An important change has been made to Canada’s Common Drug Review (CDR) program, which will be effective from the 2nd April 2018. It means that: CDR assessments can potentially proceed concurrently with Health Canada reviews. It should eliminate major delays between Health Canada’s approval and the final reimbursement recommendation. It further aligns the processes of […]
The Prescribed Specialised Services Advisory Group (PSSAG) is a Department of Health expert committee. It was established in 2013 to provide ongoing advice to MPs on whether specialised services should be nationally commissioned by NHS England, rather than locally by Clinical Commissioning Groups (CCGs).
Approximately 30 million people live with rare diseases in Europe. In a drive to improve treatment for people with these complex conditions, a cross border cooperation via Directive 2011/24/EU “Patient’s rights in cross border healthcare,”1 has provided a framework for the development of European Reference Networks (ERNs).
Gaining reimbursement for rare and specialist diseases can be challenging, primarily because small patient populations restrict the size of clinical trial cohorts. This limits the clinical evidence available to support a drug through the health technology assessment (HTA) process. Other factors, such as diagnosis, capturing long-term data, and defining patient populations can also hinder market […]
The Republic of Ireland has become the first country in Europe to switch a whole population suffering from Haemophilia A and Haemophilia B from short-acting clotting factors to new generation, extended half-life (EHL) therapies. This news highlights the importance of a good tendering strategy to ensure market access.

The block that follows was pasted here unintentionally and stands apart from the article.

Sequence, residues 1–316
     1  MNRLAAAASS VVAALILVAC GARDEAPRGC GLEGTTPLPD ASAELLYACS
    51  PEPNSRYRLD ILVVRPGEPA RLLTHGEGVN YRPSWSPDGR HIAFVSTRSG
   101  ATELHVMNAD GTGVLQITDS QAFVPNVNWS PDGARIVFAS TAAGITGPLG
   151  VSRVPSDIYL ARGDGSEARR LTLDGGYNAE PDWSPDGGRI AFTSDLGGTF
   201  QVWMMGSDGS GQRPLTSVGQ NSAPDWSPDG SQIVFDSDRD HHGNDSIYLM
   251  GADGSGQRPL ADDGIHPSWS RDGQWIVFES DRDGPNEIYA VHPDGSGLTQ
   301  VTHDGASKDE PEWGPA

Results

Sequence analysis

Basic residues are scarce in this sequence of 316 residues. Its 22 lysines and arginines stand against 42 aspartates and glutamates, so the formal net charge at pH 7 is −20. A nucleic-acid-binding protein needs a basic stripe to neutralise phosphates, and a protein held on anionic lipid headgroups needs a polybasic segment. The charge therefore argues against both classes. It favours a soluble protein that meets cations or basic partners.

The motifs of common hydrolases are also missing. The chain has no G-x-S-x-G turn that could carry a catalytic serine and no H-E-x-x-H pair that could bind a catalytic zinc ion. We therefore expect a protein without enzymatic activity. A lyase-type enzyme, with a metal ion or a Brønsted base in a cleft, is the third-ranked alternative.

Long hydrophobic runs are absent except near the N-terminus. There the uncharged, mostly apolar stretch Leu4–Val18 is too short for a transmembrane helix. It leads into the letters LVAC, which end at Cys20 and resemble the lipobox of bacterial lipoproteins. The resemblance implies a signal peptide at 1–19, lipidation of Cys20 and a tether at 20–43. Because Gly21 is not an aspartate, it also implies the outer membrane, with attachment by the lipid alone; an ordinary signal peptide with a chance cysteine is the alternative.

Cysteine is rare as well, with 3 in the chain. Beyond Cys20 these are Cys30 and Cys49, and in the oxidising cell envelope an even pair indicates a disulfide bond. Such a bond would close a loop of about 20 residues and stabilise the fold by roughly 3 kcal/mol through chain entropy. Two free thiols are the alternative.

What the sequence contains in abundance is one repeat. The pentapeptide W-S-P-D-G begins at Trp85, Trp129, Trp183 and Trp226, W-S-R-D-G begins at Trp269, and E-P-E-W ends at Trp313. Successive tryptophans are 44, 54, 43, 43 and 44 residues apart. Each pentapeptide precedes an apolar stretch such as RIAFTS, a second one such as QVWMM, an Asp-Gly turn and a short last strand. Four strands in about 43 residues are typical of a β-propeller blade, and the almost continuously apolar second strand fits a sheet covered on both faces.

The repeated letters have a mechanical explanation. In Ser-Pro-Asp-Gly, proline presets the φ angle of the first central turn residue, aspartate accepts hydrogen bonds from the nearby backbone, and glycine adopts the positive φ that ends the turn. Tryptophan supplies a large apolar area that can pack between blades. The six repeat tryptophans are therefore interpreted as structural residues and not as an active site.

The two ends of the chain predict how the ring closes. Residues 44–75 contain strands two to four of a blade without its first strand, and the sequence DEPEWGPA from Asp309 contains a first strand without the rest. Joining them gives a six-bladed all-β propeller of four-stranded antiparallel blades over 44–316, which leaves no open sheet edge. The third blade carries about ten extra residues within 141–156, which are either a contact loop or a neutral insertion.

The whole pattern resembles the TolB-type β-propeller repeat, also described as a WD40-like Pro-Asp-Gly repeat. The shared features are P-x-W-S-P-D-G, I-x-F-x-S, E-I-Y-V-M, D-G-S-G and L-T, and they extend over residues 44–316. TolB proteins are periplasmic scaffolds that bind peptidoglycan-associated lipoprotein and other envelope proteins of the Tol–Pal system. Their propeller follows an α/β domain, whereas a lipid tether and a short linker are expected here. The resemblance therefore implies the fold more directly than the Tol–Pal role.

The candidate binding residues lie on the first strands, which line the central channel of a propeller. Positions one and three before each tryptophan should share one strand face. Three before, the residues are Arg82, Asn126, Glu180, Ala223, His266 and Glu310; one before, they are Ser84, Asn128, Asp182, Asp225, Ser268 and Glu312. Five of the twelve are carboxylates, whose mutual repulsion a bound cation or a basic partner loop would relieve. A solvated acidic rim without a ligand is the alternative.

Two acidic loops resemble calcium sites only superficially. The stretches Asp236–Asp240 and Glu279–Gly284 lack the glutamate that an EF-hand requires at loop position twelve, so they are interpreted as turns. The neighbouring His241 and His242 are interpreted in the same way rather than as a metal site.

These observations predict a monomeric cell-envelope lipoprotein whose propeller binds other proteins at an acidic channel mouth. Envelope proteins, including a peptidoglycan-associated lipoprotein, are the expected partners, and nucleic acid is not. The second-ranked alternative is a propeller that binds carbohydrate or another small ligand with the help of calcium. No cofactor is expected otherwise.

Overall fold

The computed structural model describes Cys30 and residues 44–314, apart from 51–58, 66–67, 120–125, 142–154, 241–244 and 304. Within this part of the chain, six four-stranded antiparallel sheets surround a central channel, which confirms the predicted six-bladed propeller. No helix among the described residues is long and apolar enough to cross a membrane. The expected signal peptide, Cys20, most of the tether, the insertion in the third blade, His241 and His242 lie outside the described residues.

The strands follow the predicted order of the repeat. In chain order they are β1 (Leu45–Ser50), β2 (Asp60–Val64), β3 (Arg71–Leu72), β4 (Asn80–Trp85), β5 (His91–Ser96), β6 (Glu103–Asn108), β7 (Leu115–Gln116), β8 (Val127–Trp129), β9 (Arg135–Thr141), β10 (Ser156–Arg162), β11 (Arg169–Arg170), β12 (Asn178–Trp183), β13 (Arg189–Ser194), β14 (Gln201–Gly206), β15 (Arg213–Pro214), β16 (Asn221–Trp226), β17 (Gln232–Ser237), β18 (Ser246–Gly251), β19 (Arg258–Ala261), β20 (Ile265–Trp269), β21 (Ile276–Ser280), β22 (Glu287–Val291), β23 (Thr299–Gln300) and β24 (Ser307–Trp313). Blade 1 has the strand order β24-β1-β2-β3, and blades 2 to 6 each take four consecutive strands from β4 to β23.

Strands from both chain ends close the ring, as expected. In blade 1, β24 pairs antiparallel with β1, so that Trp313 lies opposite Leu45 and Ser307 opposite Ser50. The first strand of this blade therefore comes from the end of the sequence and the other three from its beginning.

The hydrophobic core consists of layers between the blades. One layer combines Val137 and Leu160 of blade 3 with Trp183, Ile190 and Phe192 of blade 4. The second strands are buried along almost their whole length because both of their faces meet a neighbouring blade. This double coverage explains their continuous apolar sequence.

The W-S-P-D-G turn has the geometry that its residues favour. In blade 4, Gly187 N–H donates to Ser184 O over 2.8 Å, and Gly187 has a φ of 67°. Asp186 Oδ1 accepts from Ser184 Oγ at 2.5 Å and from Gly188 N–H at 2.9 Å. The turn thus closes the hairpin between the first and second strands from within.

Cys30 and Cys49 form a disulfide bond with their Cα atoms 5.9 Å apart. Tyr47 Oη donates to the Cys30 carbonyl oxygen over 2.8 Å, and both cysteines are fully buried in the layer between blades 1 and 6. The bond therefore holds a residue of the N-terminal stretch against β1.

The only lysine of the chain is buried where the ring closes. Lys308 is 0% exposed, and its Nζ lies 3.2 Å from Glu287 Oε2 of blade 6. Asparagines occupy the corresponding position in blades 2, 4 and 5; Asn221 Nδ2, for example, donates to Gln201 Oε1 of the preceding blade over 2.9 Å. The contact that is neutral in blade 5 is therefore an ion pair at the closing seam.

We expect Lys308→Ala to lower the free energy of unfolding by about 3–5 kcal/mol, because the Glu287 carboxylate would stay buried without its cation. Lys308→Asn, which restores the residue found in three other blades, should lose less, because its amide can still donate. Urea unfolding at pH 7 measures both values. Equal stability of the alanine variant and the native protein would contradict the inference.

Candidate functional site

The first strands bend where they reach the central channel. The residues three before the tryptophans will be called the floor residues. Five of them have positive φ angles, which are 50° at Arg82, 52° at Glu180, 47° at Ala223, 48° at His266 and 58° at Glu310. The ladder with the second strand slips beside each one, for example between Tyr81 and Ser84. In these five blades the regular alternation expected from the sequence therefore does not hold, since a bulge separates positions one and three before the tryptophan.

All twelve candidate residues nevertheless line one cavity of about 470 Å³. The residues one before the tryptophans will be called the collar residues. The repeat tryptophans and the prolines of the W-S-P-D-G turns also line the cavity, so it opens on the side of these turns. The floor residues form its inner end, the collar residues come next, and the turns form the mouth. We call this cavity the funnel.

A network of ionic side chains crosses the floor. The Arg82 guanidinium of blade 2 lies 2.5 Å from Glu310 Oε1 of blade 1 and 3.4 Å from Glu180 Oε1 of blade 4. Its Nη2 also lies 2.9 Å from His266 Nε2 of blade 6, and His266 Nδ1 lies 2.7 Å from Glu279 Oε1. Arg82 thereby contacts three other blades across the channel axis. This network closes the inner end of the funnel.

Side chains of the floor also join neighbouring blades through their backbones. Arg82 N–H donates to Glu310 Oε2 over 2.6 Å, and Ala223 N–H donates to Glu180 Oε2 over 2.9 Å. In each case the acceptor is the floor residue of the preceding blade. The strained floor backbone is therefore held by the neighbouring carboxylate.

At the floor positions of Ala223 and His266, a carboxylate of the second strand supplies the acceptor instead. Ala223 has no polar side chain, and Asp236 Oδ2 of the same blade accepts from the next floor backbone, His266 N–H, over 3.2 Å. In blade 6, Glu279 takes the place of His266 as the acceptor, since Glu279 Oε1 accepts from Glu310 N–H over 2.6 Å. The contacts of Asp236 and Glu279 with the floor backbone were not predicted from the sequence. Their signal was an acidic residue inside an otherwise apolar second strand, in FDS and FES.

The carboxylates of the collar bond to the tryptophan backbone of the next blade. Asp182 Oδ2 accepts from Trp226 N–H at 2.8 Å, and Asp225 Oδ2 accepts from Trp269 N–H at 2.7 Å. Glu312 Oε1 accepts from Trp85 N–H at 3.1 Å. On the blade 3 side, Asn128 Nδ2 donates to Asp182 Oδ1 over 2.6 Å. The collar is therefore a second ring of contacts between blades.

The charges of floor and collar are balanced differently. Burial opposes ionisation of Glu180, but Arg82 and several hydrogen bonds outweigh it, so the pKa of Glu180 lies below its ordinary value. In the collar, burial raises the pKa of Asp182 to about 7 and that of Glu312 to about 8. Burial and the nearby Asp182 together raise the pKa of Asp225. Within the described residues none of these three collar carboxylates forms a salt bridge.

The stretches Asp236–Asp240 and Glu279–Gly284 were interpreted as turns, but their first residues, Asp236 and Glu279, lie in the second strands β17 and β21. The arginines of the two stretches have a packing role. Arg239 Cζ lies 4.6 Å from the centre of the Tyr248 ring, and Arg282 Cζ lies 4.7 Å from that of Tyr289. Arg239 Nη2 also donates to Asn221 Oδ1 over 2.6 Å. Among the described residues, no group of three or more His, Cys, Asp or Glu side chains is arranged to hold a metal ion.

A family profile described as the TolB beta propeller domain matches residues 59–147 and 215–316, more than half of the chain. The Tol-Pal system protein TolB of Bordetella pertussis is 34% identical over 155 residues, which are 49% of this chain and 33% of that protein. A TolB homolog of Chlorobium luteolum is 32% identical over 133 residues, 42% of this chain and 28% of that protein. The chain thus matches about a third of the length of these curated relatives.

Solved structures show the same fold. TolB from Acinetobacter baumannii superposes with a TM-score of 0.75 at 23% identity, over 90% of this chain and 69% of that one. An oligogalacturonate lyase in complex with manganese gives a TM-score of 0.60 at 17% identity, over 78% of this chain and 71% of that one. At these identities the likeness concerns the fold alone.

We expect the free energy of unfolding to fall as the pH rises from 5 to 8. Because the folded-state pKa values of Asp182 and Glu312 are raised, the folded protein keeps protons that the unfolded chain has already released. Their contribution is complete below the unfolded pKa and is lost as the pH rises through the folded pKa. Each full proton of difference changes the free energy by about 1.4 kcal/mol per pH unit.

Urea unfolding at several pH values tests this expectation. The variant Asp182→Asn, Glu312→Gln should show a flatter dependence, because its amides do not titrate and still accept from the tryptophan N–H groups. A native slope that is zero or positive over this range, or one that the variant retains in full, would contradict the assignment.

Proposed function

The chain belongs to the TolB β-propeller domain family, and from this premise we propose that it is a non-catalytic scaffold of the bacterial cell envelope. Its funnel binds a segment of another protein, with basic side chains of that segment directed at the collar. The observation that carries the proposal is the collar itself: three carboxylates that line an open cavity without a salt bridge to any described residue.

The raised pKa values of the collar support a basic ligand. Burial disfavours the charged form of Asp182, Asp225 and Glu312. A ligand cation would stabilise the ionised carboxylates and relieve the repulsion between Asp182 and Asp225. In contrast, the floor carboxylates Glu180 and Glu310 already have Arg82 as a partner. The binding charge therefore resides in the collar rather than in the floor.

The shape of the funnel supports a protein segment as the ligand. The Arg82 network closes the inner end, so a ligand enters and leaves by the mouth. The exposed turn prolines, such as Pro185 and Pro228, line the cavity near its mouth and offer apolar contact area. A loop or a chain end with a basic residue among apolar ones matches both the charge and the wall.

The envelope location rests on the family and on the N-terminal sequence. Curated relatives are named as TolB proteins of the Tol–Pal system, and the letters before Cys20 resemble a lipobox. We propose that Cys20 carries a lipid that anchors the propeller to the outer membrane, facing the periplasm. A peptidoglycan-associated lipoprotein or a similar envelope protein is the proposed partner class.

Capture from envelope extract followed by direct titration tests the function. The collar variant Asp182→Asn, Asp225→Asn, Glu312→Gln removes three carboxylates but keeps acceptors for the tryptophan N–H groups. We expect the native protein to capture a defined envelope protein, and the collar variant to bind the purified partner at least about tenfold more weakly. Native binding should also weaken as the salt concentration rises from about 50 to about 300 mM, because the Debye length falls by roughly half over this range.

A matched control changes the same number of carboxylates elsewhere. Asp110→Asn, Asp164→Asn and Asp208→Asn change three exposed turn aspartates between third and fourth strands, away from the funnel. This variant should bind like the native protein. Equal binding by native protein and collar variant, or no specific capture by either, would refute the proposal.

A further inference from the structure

In 2015, Lord Carter published an independent report on operational performance and productivity for the UK national health service (NHS)1. Recommendations outlined how the NHS could save £5 billion by improving operational consistency between trusts. Over the last 18 months, the NHS has set about implementing these recommendations and, in January 2017, a new procurement […]
With rising treatment prices and healthcare spending, payer organisations are making efforts to contain costs, with the unintended consequence of putting up treatment access barriers. Hence, there is a growing interest in more innovative agreements, such as performance-based (reimbursements tied to conditions around producing outcomes or bridging evidence gaps), finance-based (rebates/discounts for excesses in agreed-upon […]
2017 saw the National Institute for Health and Care Excellence (NICE) board, with input from the NHS England Specialised Services Commissioning Committee, agree to a change that will have a substantial impact on both patients and the companies bringing ultra-orphan drugs to market. In this article we consider what is going to change and how […]
Biobetters are biologics that have been improved compared to the marketed originator, for example in efficacy, safety, tolerability or dosing regimen. For regulatory approval, biobetters must meet the same data requirements as all other originator products, whilst only a reduced clinical data package is needed for biosimilars (Table 1). This produces time pressure for biobetters […]
With the need to contain healthcare costs, payers often adopt selection criteria aimed at limiting the brands that are reimbursed and the price of those products. In some cases focus on cost containment can compromise patient access to new and innovative treatments. The need to establish a balance between cost containment and patient access pushes […]